As students engage in the work of literature circles, teachers assume a variety of roles.
Early in the process, roles and behaviors require defining. Teachers who take the time to demonstrate how they want their students to behave as cooperative learners are often rewarded by higher quality discussion, comprehension, and group engagement. In the beginning, mini-lessons might focus on any number of topics, depending on the diverse needs of your students.
- Starting a dialogue rather than stating answers.
- Formulating and sharing meaningful contributions.
- Giving and receiving feedback.
- Being of value to your peers.
- Assuming a role and performing it effectively.
- Reflecting on progress and setting goals.
- Monitoring and adjusting our noise level, transition time, and pacing.
- Using comprehension and fix-up strategies to make and expand meaning.
- Capitalizing on our strengths and attending to weaknesses as a group and as individuals.
As students move deeper into their texts, mini-lessons might attend to specific skills and understandings such as the elements of writers’ craft, the author’s use of story elements, the establishment of conflicts, themes, and characters and the skills that students need to improve upon as writers responding to their assigned works themselves.
As students work, teachers can capture important anecdotes about their strengths and their struggles as learners and as members of a cooperative group. These assessments can guide further instruction, inform placement, and alert teachers to potential learning and social conflicts before they impact the long-term success of any group or student.
When teachers identify students or groups in need of additional support, they can invite themselves into a circle to act as a guide or in rare instances, a more directive leader. Sometimes, teachers are hesistant to sit down with any one group or student because they are concerned about attending to the needs of all and remaining on their feet to do so. I was one of those teachers, and I found that providing each group with a red, a green, and a yellow paper cup helped tremendously.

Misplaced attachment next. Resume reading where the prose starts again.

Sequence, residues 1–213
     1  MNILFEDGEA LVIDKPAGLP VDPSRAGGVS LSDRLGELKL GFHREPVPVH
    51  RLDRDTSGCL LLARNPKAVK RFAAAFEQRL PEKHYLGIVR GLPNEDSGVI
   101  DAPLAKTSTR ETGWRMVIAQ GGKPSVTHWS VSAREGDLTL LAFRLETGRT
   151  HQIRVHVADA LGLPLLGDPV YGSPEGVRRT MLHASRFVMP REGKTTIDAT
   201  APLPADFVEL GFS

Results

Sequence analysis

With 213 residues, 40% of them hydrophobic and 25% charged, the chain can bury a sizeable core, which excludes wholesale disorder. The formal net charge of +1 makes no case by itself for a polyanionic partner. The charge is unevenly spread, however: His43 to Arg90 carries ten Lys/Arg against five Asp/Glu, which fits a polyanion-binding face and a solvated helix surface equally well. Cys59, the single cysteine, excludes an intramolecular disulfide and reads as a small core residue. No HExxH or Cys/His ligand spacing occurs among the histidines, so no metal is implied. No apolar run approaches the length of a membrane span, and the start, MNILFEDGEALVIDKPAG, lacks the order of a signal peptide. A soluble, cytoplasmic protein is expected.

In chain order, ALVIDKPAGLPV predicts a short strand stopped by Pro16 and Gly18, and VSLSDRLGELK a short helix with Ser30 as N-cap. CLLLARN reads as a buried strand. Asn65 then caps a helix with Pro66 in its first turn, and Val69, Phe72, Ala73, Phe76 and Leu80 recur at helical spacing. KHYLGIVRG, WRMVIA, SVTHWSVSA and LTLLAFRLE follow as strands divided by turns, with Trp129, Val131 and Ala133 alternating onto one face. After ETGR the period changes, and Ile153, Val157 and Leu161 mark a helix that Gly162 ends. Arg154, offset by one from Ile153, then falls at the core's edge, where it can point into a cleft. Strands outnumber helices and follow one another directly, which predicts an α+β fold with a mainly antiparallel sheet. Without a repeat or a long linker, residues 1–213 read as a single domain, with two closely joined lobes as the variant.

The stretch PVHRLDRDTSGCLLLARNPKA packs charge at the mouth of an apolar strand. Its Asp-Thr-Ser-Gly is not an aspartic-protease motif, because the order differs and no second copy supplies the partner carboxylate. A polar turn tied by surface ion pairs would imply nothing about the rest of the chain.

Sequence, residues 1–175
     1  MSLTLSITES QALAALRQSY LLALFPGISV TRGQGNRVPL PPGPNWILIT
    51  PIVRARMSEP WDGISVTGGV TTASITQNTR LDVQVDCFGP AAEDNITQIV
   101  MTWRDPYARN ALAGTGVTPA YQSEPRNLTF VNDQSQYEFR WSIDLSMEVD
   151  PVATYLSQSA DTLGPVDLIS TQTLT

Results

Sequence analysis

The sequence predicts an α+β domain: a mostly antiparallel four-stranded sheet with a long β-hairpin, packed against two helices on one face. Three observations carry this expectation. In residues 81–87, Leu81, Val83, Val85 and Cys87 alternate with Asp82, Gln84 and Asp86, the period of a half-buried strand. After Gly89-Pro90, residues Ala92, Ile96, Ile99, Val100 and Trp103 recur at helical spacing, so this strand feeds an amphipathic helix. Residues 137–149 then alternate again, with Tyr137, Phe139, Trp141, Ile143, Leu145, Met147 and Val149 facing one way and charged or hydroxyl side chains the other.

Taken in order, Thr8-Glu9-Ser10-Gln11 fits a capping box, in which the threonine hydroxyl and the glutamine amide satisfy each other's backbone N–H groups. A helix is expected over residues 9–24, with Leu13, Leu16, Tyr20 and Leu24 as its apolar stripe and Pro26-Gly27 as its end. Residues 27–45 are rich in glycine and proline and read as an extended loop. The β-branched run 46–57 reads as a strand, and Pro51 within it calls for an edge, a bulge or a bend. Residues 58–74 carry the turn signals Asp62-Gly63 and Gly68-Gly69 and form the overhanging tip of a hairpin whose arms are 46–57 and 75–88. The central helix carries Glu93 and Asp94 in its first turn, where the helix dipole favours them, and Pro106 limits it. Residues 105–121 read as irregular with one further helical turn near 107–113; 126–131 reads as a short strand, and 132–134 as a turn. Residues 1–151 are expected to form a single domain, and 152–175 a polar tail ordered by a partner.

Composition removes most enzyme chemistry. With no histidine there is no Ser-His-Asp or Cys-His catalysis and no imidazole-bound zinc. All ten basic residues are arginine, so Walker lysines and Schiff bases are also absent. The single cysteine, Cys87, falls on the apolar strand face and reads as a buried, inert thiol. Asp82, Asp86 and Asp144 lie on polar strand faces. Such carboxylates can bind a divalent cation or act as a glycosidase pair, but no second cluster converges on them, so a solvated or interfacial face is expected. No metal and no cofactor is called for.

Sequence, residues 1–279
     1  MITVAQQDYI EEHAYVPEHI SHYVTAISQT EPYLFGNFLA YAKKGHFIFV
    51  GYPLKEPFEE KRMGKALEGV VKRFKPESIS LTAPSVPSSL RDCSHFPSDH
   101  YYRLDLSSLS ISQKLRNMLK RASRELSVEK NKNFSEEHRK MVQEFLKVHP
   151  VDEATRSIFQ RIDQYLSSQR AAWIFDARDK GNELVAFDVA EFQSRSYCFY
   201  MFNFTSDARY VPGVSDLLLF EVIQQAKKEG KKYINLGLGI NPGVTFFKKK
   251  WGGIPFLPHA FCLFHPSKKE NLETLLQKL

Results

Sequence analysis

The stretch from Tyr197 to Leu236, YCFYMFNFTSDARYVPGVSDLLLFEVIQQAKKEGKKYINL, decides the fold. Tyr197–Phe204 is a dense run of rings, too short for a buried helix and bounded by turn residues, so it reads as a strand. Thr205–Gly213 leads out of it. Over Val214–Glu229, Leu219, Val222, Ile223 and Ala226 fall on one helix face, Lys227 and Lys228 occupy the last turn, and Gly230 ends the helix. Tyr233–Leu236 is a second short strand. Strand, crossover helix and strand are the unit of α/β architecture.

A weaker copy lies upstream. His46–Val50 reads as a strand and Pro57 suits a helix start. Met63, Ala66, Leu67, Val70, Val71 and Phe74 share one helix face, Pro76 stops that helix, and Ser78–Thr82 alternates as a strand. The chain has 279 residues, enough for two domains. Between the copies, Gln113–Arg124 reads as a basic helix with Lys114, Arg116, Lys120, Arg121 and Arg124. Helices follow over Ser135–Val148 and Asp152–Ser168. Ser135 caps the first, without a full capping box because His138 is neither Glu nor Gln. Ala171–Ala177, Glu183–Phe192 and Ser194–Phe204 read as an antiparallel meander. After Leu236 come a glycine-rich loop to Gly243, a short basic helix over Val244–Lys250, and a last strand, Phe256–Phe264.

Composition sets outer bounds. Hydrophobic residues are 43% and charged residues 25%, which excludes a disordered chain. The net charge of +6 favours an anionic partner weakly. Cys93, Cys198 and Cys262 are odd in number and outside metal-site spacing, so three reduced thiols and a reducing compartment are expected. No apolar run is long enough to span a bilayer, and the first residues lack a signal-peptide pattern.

If groups were were working well, they were directed to keep their green paper cup stacked on top. Groups that had questions but who could continue working until I was able to get to them without interrupting my work with other students were advised to place their yellow cup on top of the stack. If a group’s question or concern prevented them from moving forward until I helped them, they placed their red cup on the top of their stack. Kid-friendly instructions can be found at the top of this wikispace (see the pdf titled talking cups). As I worked with invitational groups, I could continually scan the room and when needed, attend to the issues that arose in other groups. I continue to use this strategy whenever I’m asked to work with large groups of students or educators today. It allows me to pay individuals the attention they deserve without overlooking the needs of the group as a whole.
Teachers who celebrate the work of literature circle groups offer positive reinforcement and additional models of what quality work and learning look like. As students are working, teachers can capture information about cooperative groups, what they do well, and how they do it. At the end of each experience, it makes sense to share these successes with students so that all groups might benefit from the efforts of effective circles. It also makes sense to use this time to coach the kids and the groups who may need it most.
Expect your students to practice the strategies and behaviors you model for them during mini-lessons. Ask them to self-assess during and after learning, and while they are working, take time to capture your own observations so that you may help them better over time.
Most importantly, share your enthusiasm for reading and student-led discourse. Share your personal connections to the books they have chosen and the issues that they raise as they journey forward together. Focus on what is right about their collective accomplishments and feel comfortable with the idea that it isn’t YOU who has to know it all in order to help them learn.
This post is the fourth in a series focusing on literature circles. Interested in having a peek at the first three? They are right here:
1. Launching Literature Circles
2. Circling Around Essential Questions